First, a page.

I wonder how many products there out playing in the "dry gin" playground that are not on a base of grain spirit. Cold River is on a potato spirit. G'Vine is on a grape spirit. Both should be able to be consumed by those with Celiac disease.
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#291 ermintrude

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Posted 18 August 2010 - 08:17 AM

Genuine London Gin http://www.sipsmith.com/ tried this at taste of London and very nice it was to, quite junipery.
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#292 Sneakeater

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Posted 18 August 2010 - 10:29 AM

I wonder how many products there out playing in the "dry gin" playground that are not on a base of grain spirit. Cold River is on a potato spirit. G'Vine is on a grape spirit. Both should be able to be consumed by those with Celiac disease.


I can see I have to check into this further. Thanks. (She always has the fear that even products that claim to be based on non-grain spirits have a bit of them in there. I don't really know how to allay that.)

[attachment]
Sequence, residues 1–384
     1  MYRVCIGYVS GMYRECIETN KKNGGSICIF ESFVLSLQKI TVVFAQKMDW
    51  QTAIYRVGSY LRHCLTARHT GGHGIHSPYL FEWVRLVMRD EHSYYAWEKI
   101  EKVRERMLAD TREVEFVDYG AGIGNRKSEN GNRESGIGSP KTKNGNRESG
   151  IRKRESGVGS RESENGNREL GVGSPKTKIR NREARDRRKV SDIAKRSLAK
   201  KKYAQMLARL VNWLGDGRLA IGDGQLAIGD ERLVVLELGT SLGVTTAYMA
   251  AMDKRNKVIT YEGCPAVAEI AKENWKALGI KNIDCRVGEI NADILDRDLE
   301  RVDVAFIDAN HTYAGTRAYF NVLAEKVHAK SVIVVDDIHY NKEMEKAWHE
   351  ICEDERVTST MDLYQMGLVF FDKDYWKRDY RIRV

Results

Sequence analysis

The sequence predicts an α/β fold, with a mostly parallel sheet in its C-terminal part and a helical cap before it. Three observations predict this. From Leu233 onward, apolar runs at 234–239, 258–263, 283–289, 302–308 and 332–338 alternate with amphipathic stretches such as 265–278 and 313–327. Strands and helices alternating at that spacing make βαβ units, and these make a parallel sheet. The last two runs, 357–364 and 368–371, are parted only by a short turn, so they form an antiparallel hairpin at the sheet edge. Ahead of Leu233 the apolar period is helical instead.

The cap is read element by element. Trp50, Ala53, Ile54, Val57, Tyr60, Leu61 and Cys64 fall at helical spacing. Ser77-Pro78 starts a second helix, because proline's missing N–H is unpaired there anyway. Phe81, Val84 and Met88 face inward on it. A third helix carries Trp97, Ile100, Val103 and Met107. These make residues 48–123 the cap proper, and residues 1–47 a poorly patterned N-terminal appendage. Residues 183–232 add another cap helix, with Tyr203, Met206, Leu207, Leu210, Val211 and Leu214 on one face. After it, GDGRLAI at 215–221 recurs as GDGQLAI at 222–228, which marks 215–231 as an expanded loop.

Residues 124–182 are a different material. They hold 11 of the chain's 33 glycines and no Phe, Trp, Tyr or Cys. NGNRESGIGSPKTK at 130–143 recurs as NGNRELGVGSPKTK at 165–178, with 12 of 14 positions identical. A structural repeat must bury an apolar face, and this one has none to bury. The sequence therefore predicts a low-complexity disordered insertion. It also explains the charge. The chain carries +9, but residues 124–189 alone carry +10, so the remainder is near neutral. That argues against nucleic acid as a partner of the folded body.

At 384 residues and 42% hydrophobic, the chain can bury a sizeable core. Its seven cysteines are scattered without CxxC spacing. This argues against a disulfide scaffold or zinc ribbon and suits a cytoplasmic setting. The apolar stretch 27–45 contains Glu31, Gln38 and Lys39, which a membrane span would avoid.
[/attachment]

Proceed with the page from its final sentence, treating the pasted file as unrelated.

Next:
#293 thirtyoneknots

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Posted 19 August 2010 - 09:23 AM

I would've never guessed that gluten was volatile enough to pass through a still. Is this true?
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#294 KD1191

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Posted 19 August 2010 - 12:40 PM

Unless subsequently flavored, all distilled spirits should be gluten-free.
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#295 Chris Amirault

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Posted 19 August 2010 - 12:50 PM

So "gluten-free" is like the "It's toasted!" Lucky Strike campaign?
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#296 KD1191

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Posted 19 August 2010 - 01:31 PM

So "gluten-free" is like the "It's toasted!" Lucky Strike campaign?